ADHD children 'suffer strokes'

Reply Sun 26 Mar, 2006 02:31 pm


Child drugs linked to heart attack

Clara Pirani, Medical reporter
March 27, 2006

CHILDREN as young as five have suffered strokes, heart attacks, hallucinations and convulsions after taking drugs to treat attention deficit hyperactivity disorder.

Documents obtained by The Australian reveal that almost 400 serious adverse reactions have been reported to the Therapeutic Goods Administration, some involving children as young as three.

Cases include the sudden death of a seven-year-old, and a five-year-old who suffered a stroke after taking Ritalin. Children also experienced heart palpitations and shortness of breath after taking Dexamphetamine.

Others taking Ritalin or Dexamphetamine - the two most commonly used ADHD drugs - experienced hair loss, muscle spasms, severe abdominal pain, tremors, insomnia, severe weight loss, depression and paranoia.

Almost 60 of the adverse-reaction reports dating back to 1980, obtained under Freedom of Information laws, involved children under the age of 10.

The TGA has asked pharmaceutical companies to provide updated information about any cardiovascular side effects involving ADHD medication. "The TGA is currently reviewing this new information," a TGA spokeswoman said.

Prescriptions for Ritalin increased tenfold after the drug was listed on the Pharmaceutical Benefits Scheme in August last year, reducing the cost from $49 to $29.50, or $4.70 for concession card holders.

More than 5800 prescriptions were written for Ritalin in January this year, compared with 523 in August last year. Prescriptions for Dexamphetamine jumped from 96,000 a year to 232,000 in the 10 years to 2004-05.

The US Food and Drug Administration is reviewing 90 studies to determine whether ADHD drugs were linked to the deaths of 25 people, including 19 children, between 1999 and 2003.

The drugs were also associated with 54 cases of cardiovascular episodes, including heart attacks, strokes and serious heartbeat disturbances.

Last week, a panel of pediatric experts advising the FDA recommended new information about psychiatric and heart risks be added to the labels of ADHD drugs.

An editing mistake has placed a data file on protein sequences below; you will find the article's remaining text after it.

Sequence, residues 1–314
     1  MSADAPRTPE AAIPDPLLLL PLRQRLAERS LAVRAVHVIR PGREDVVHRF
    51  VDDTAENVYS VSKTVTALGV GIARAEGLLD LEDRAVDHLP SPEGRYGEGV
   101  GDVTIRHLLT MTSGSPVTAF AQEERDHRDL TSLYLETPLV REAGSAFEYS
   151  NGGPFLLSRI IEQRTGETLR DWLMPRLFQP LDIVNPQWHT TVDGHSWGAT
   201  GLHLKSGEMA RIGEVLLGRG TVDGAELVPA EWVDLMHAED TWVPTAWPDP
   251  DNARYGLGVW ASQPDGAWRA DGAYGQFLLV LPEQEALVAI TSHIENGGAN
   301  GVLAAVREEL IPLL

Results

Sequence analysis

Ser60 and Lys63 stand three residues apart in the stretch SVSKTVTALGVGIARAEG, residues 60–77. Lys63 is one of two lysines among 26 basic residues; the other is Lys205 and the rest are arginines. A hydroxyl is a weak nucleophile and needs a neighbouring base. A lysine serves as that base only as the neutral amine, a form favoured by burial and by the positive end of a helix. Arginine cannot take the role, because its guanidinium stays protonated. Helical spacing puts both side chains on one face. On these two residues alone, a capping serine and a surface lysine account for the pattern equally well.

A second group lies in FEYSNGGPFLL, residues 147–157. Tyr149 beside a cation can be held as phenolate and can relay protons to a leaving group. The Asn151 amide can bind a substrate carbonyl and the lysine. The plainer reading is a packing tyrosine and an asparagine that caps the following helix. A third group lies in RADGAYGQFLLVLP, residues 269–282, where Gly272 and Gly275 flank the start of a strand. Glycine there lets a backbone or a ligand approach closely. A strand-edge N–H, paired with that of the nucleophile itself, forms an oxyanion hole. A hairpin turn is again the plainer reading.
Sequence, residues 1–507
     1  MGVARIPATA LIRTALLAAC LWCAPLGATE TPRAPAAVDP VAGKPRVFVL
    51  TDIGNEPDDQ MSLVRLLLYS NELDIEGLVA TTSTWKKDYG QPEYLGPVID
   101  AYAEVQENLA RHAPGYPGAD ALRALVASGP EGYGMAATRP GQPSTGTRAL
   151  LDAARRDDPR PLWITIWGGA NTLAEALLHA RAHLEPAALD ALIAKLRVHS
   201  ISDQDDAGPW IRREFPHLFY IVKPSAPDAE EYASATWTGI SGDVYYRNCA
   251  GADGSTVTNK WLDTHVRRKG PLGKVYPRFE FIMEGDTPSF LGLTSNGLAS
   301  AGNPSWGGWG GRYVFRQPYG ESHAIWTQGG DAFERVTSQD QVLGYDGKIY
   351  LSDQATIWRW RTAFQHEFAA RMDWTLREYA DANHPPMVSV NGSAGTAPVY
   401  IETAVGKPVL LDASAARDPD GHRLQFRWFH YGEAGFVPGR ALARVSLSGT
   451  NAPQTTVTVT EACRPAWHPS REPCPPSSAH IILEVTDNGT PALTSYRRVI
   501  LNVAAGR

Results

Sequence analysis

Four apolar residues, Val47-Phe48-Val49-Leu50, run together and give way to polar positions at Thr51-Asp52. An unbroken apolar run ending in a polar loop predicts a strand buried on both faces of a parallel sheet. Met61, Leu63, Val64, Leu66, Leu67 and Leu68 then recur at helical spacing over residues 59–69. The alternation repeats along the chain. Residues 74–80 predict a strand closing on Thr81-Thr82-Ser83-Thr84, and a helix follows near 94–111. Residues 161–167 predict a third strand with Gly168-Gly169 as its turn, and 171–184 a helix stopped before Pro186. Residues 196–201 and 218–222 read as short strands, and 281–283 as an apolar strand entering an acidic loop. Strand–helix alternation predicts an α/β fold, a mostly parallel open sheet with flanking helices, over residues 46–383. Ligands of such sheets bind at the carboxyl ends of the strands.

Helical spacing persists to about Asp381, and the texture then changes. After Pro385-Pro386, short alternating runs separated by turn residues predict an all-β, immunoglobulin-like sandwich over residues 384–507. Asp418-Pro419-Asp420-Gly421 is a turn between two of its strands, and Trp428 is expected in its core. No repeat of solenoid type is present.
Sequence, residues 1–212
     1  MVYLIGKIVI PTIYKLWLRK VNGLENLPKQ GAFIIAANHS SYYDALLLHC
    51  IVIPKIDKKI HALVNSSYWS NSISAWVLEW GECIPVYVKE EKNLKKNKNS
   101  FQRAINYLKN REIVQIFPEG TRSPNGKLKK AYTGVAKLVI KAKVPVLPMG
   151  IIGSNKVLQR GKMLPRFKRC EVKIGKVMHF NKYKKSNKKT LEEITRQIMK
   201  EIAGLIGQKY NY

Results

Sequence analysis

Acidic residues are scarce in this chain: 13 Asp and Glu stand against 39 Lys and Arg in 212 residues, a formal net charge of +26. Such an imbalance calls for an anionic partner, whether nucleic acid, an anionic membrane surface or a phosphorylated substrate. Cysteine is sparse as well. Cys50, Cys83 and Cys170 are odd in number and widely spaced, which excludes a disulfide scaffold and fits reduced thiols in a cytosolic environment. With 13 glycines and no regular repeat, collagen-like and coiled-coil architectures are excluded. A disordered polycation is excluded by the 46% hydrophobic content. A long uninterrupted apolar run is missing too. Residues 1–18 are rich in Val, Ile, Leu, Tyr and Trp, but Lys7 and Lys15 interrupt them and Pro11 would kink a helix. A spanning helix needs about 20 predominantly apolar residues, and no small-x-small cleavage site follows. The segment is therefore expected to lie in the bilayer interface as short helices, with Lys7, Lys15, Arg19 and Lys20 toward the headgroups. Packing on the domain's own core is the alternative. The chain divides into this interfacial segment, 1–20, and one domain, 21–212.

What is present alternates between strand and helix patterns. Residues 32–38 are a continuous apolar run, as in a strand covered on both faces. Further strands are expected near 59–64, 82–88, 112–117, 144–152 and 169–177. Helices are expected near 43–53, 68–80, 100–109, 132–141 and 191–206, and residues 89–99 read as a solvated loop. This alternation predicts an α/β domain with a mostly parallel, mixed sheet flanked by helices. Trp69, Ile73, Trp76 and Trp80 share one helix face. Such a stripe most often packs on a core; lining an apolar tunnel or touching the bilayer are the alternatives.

They declined to recommend the "black box" warning - the strongest for prescription drugs - which a different advisory panel endorsed last month.

The FDA will consider both panels' recommendations before making a final labelling decision.

While officials said there was no conclusive evidence that the medications caused psychiatric episodes or heart problems, they noted a "complete absence" of similar reports in children treated with placebos during trials of ADHD drugs.

A spokeswoman for Novartis Australia, which makes Ritalin, said warnings regarding adverse reactions were constantly reviewed. "We welcome the opportunity to work with the TGA to ensure the labelling is as accurate as possible," she said.

Melbourne psychologist Joe Tucci said some ADHD drugs had the potential to cause long-term side effects.

"There is certainly a small group of children who would benefit from ADHD drugs, but it's far fewer than the number of children who are currently being prescribed medication," he said.

Others warned that the number of adverse reactions may be much higher because the TGA excludes reports where the cause of side effects is "unclear". Shelley Wilkins, executive director of the Citizens Commission on Human Rights, which lobbies against the use of psychiatric medication on children, said many side effects were not reported.

"There is no mandatory reporting in Australia for adverse side-effects for psychiatric drugs," she said. "This needs to be rectified immediately so we can see the true extent of the damage being done."

Fremantle psychiatrist Lois Achimovich said doctors were prescribing medication too often, particularly in very young children.

"Any child behaviour that looks abnormal is being diagnosed as ADHD and drugs are prescribed. They should not be used in children that young."

source: The Australian, Monday March 26, 2006, frontpage & online version
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Reply Sun 26 Mar, 2006 02:33 pm
This exponentially multiplies the tragedy many of these children suffer.

So sad.
0 Replies
queen annie
Reply Mon 27 Mar, 2006 11:06 am
At the hands of the adults who are supposed to be exercising good judgment. It is an atrocity, in every way. It is our fault as adults--and if its sad then we ought to suck up our tears and do something about it.